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bill van snorkle

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bill van snorkle last won the day on July 6 2016

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About bill van snorkle

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    Melbourne Aust

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  1. Never store your list in a plastic bucket and leave it outdoors , at least not here in Melbourne as the UV rays destroy the bucket within weeks ! Now I can't remember how many things on the list i managed to tick off , and will have to compile a new one ! Hmmm, I've hear'd the Darien Gap can be a challenging adventure
  2. Thanks for the reply Nigel. ARB locker failures are fairly common here in OZ and obviously in the UK too, yet the Yanks seem to be quite enthusiastic for them, aside from their 9" Ford versions. i wonder if ARB manufacture their lockers for the US market from higher quality materials and with better workmanship?
  3. I don't think box sections formed from 4 thin plates welded on all corners over the entire length have got a hope in hell of ending up square, straight and consistent. Surely there were better and cheaper ways of making chassis in 1948, even allowing for Rover's claim that there was no money available for press dies and other tooling.
  4. Great write up MN. Not that I'd personally want to run a locker made by the Australian Ripoff Bureau, but is the new end cap of steel or cast iron ?
  5. LandRover chassis build tolerances are notoriously slack. Never assume symmetry from side to side or consistency from one vehicle to another.
  6. I see the 'Like This' feature still doesn't work properly. I've been absent from this forum for going on 3 months, tried to 'like' a couple of posts in recent days but a notification pops up to tell me I have exceeded my allotted allowance of likes for the remainder of my life or some such thing ! WTF ? Anyway everyone who has posted on this thread in recent days, consider yourself 'liked' Lol.
  7. I assume both the Escort /110 and the Morris Minor /RRC were on shortened chassis, Nigel, Frimodt ? In other photos of the Red Bull Sugga I found, It still doesn't look quite properly proportioned Fridge. Maybe it's the wheels ?
  8. The Sugga over here, not far from me, is much better looking in the flesh ! Something seems wrong about the proportions on the one Fridge has put up. The flattened front guard tops are practical, but I wouldn't cut that deeply into the Vauxhalls guards as I want to leave room for unrestricted wheel articulation. I am presently playing with the ARB Rangey bullbar. it doesn't really match the lines of the Vaux, and protrudes too far forward for a good approach angle. I can re drill the mounting holes to bring it about 4.5 " closer to the wheels. I have posted a couple of pics on my FBook page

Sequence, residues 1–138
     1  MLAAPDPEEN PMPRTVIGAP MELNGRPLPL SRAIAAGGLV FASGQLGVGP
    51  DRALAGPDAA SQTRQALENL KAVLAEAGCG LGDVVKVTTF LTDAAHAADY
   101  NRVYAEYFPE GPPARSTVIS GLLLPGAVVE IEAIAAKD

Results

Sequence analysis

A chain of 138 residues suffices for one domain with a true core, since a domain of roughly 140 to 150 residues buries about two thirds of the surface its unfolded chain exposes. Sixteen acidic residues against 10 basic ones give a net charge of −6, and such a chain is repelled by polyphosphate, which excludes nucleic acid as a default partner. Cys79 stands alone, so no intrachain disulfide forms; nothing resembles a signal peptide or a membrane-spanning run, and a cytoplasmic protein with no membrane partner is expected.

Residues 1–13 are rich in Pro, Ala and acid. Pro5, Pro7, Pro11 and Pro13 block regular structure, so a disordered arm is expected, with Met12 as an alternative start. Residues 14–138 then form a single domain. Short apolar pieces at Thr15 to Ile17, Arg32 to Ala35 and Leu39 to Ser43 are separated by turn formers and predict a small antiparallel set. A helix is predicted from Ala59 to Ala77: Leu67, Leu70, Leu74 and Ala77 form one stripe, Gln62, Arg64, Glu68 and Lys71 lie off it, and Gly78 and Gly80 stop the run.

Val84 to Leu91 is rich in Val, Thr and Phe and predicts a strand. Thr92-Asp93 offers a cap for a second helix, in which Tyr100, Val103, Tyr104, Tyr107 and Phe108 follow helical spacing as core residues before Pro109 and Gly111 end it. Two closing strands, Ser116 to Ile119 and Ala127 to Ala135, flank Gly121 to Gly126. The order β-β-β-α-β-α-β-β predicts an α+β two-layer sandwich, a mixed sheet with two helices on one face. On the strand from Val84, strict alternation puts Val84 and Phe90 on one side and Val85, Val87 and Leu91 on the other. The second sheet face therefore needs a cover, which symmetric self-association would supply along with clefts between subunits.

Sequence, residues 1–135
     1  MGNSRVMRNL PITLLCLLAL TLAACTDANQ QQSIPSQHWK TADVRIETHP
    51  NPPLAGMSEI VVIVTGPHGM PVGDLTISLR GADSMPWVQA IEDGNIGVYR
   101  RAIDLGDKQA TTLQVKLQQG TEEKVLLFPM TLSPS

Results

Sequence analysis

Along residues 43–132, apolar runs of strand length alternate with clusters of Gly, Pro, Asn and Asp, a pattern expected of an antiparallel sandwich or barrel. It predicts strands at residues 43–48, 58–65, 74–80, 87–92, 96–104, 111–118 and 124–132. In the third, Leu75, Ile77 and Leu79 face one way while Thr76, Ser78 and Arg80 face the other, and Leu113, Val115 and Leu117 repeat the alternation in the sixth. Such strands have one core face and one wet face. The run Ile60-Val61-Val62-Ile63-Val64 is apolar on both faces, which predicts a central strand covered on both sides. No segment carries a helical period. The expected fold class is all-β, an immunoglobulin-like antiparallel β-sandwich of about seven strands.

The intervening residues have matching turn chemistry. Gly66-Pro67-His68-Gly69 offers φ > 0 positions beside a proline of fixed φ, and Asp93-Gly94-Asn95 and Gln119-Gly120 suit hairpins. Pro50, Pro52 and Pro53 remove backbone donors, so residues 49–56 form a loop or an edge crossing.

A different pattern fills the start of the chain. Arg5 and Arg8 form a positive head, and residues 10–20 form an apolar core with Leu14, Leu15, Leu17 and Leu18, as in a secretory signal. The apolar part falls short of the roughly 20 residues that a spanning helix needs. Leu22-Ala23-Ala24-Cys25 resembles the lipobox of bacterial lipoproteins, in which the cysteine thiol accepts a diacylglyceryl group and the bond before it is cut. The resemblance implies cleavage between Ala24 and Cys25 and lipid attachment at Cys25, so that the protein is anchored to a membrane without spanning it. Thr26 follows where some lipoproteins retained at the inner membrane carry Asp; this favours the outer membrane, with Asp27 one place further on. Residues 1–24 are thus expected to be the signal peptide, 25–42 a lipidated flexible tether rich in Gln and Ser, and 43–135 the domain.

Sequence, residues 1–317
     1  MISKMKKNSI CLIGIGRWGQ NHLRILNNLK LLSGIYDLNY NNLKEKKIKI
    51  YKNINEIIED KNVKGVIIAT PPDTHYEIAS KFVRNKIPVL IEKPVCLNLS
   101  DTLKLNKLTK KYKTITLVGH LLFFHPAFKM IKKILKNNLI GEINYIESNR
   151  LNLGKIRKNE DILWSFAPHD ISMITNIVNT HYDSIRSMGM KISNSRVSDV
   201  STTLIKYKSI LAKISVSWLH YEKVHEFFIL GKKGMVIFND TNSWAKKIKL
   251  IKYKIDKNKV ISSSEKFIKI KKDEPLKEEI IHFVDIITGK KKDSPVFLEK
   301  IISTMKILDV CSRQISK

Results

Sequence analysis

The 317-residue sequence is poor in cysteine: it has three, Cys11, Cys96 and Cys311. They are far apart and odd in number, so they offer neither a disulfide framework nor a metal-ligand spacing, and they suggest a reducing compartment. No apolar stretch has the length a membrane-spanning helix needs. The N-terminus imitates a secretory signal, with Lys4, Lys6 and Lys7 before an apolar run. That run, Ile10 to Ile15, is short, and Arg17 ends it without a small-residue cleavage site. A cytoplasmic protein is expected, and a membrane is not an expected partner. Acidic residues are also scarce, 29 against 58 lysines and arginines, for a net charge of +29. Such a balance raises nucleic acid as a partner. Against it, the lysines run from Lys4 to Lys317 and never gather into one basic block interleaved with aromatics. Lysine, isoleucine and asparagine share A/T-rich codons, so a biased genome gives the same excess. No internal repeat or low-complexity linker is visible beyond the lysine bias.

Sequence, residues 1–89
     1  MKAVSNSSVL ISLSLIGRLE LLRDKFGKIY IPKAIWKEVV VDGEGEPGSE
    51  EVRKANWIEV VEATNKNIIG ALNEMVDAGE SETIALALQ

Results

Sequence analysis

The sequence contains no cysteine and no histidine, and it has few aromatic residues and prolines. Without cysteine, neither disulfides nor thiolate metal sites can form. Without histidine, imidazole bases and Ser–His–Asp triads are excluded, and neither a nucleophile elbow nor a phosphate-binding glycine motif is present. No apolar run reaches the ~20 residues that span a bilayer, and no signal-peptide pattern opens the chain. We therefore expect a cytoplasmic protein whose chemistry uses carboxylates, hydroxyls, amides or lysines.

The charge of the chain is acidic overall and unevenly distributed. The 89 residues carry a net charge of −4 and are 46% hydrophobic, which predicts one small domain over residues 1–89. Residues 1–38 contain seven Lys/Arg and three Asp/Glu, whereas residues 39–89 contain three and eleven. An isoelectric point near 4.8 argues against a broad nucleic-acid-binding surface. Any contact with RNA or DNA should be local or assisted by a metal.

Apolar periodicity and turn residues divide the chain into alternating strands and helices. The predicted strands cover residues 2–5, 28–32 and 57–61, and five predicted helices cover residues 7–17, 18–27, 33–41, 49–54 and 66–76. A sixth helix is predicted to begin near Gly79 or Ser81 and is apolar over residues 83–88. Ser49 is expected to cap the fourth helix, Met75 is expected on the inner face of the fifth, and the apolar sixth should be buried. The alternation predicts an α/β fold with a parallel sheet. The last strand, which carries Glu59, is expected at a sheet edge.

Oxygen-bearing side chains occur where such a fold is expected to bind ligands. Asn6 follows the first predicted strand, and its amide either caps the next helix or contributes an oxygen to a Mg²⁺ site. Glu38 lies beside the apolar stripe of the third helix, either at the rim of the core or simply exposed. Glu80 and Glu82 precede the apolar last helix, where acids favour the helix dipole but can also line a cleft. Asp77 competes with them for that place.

9. I sold all the Vauxhall mechanicals for almost as much as I paid for the car, and I found the RangeRover abandoned in a forest. Out of pocket expenses to date are mainly consumables,Welding/grinding/ cutting etc, and the engineers fee for first inspection, interview etc . A slightly smaller Sugga type vehicle,using common mechanical components is basically what I am aiming for.
  10. Maximum power for a 2.25 diesel from memory is developed at 4000 rpm. Final drive gearing is about 17 mph per 1000 rpm, so 55 tp 60 should be achievable .
  11. Widening out the front end as opposed to cutting the wings and fitting rubber extensions, was necessary, not just to cover the wheels, but more importantly to provide sufficient space under that sculptured bonnet for a radiator with enough capacity to keep the Rover V8 cool . As it is I could only just squeeze in a Series 2 4 cylinder rad , but with an 8 blade fan and suitable shroud, it should be adequate for the type of uses this vehicle may see . If I do actually complete the project, I may look into fitting a 300 TDi diesel later on, in which case the rad should be more than adequate and t
  12. Can't you just bolt on the hardtop side panels from a Series 2 or 3 SWB ? I think they are the correct length and same fitment .
  13. There is AFAIK only one Sugga here in Australia, and about 20 years ago i was prepared to put myself in hock for 25 grand to buy it at auction, but it didn't meet the reserve. I secretly lusted for something similar ever since. The good thing about these old vauxhalls, at least for my purpose, is that they are not considered to be a desirable classic car here in Aus, so reasonable examples can be bought for a fraction of the price that people are asking for their contemporary Holden equivelants .
  14. it was difficult enough to do the rear guards as it was, because they bolt to the shell on 4 different planes. With body work and compound curves, I definitely know my limitations .Anyway, a Volvo Sugga has flat surfaces on basically a similar style of shell, and that to me is part of their appeal. I would actually like a few more flat surfaces, particularly around the front wings, because there is nowhere to put tools on them when working under the bonnet, as spanners keep sliding off onto the floor. Vauxhall bodies in Australia, like quite a few other British and American/Canadian marques
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